Findings, music, and occasional reflections by Paul Woodward

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Communication

We taught bees a simple number language – and they got it

Maybe the differences between human and non-human animals are not as great as we might previously have thought. from www.shutterstock.com By Scarlett Howard, Université de Toulouse III – Paul Sabatier; Adrian Dyer, RMIT University, and Andrew Greentree, RMIT University Most children learn that written numbers represent quantities in pre-school or junior primary school. Now our new study shows that honeybees too can learn to match symbols and numerosities, much like

Green monkeys borrow vervet monkeys’ eagle warning call when threatened by drones

Smithsonian.com reports: Some 40 years ago, scientists discovered that East African vervet monkeys (Chlorocebus pygerythrus) produce distinct alarm calls when they encounter their three main predators: leopards, snakes and eagles. Their cousins in West Africa, green monkeys (Chlorocebus sabaeus), are also known to cry out at the sight of leopard and snakes, but for some unknown reason, they don’t seem to emit a unique call for birds of prey. A

The empathetic humanities have much to teach our adversarial culture

By Alexander Bevilacqua, Aeon, January 15, 2019 As anyone on Twitter knows, public culture can be quick to attack, castigate and condemn. In search of the moral high ground, we rarely grant each other the benefit of the doubt. In her Class Day remarks at Harvard’s 2018 graduation, the Nigerian novelist Chimamanda Ngozi Adichie addressed the problem of this rush to judgment. In the face of what she called ‘a

Macaques take turns in conversation

Science News reports: The researchers analyzed 64 vocal exchanges, called bouts, between at least two monkeys that were recorded between April and October 2012 at the Iwatayama Monkey Park in Kyoto, Japan. The team found that the median length of time between the end of one monkey’s calls and the beginning of another’s was 250 milliseconds — similar to the average 200 milliseconds in conversational pause time between humans. That

The value of well-crafted language

Greg Laden writes: Twenty five centuries ago, long before the start of the common era, the written record about the spoken language began. The ancient Greeks were not likely the first to study speech and communication, and they certainly were not the first to write stuff down, but among the early writers, they were probably the first to write about how we construct messages and stories with words. Joe Rom’s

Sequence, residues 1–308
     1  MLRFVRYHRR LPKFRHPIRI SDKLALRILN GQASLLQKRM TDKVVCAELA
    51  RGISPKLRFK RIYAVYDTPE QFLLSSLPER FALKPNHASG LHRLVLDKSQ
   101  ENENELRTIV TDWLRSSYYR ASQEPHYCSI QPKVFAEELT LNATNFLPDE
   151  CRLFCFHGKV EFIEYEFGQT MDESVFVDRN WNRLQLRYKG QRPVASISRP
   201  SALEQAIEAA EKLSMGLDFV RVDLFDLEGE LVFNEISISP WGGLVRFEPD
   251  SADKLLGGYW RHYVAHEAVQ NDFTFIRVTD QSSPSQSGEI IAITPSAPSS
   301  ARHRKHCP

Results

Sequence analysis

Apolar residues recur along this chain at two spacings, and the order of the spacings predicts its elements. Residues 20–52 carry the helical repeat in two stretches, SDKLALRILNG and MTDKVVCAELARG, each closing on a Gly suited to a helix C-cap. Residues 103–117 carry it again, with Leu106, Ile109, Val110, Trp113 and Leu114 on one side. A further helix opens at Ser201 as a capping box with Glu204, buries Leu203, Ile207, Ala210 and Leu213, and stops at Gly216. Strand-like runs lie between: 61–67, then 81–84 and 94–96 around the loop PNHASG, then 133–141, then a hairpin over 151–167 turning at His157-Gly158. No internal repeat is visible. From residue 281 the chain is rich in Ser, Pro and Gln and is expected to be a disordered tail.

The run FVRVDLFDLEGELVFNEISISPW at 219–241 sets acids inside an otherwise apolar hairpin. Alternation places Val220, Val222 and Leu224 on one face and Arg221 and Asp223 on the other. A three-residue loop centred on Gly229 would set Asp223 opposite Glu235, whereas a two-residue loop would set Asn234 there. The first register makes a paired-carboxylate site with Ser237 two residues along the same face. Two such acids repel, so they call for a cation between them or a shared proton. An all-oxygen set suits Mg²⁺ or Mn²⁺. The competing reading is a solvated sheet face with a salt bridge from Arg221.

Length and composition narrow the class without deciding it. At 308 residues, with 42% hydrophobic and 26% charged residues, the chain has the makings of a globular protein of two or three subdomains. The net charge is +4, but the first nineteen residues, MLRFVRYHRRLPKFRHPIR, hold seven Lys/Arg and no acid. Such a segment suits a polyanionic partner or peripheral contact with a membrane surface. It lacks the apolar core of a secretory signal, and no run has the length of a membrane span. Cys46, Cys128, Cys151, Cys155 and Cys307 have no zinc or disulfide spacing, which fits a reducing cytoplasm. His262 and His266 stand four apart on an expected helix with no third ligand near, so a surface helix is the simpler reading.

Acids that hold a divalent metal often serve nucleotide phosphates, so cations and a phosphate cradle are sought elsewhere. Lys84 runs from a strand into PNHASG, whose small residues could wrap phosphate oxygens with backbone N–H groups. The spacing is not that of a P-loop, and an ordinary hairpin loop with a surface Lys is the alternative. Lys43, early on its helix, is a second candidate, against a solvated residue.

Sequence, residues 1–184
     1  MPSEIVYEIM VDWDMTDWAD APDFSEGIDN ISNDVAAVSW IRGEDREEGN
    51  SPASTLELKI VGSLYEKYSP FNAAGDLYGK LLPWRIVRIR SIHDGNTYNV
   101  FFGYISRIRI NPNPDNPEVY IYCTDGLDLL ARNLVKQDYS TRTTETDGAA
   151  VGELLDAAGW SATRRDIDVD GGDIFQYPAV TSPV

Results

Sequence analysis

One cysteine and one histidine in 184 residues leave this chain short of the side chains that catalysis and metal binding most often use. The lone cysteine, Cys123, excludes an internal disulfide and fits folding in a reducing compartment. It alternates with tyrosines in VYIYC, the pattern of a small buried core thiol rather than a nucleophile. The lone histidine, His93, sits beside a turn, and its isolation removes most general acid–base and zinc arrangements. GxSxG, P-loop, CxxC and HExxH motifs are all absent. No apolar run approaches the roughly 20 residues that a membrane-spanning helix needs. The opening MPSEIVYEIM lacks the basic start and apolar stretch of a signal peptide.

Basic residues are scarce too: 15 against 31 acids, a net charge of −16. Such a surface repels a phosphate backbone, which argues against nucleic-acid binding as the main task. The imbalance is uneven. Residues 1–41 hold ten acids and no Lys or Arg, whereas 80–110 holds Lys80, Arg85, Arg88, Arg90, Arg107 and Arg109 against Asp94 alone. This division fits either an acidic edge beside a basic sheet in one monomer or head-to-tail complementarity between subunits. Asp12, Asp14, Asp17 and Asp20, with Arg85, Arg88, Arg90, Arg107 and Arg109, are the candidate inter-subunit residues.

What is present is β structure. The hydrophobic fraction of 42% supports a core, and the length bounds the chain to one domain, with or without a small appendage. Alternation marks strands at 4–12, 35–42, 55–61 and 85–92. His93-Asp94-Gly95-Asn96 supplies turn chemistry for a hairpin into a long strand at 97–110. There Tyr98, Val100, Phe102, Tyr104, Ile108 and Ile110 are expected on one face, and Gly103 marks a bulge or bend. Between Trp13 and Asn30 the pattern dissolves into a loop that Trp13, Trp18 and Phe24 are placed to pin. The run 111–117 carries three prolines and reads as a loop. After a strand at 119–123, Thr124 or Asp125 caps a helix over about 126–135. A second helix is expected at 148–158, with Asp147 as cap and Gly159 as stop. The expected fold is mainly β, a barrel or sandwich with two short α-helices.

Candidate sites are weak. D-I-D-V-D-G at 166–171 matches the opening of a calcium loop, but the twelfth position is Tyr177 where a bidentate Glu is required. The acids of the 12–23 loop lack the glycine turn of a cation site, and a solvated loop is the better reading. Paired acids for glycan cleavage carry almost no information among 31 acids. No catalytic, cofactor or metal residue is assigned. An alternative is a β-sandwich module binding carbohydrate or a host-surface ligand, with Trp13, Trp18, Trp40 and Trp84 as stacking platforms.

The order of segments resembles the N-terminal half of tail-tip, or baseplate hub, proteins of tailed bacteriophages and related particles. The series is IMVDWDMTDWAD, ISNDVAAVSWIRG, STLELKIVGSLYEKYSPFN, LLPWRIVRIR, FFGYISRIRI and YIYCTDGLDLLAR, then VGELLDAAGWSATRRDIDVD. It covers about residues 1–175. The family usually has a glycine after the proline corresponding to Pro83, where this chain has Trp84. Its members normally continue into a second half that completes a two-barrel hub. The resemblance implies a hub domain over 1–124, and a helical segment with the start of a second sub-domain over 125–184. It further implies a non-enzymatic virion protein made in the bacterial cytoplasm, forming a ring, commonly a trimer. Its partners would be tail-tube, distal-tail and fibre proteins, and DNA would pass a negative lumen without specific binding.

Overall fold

How emoji are changing the way we communicate

Wired reports: Two years ago, Sanjaya Wijeratne—a computer science PhD student at Wright State University—noticed something odd in his research. He was studying the communication of gang members on Twitter. Among the grandstanding about drugs and money, he found gang members repeatedly dropping the ⛽ emoji in their tweets. Wijeratne had been working on separate research relating to word-sense disambiguation, a field of computational linguistics that looks at how words

To communicate with apes, we must do it on their terms

Rachel Nuwer writes: On August 24, 1661, Samuel Pepys, an administrator in England’s navy and famous diarist, took a break from work to go see a “strange creature” that had just arrived on a ship from West Africa. Most likely, it was a chimpanzee—the first Pepys had ever seen. As he wrote in his diary, the “great baboon” was so human-like that he wondered if it were not the offspring

The way humans point isn’t as universal as you might think

The universal sign for ‘Look over there!’ isn’t so common in some cultures. Helena Ohman/Shutterstock.com By Kensy Cooperrider, University of Chicago Octopuses have long arms and plenty of smarts, but they don’t point. Nor do chimps, gorillas or other apes, at least not in the wild. Humans, on the other hand, are prodigious pointers. Infants use the gesture before they can talk, often around 1 year of age. By 2,

Pistachio trees ‘talk’ to their neighbours, reveals statistical physics

Philip Ball writes: The number of nuts on pistachio trees in any given year could be explained with a model from statistical physics that is normally used to study magnetic materials. That is according to researchers led by Alan Hastings, a mathematical ecologist from the University of California, Davis, who have used the “Ising model” to analyse the yields of pistachio trees in one particular orchard in California. Their work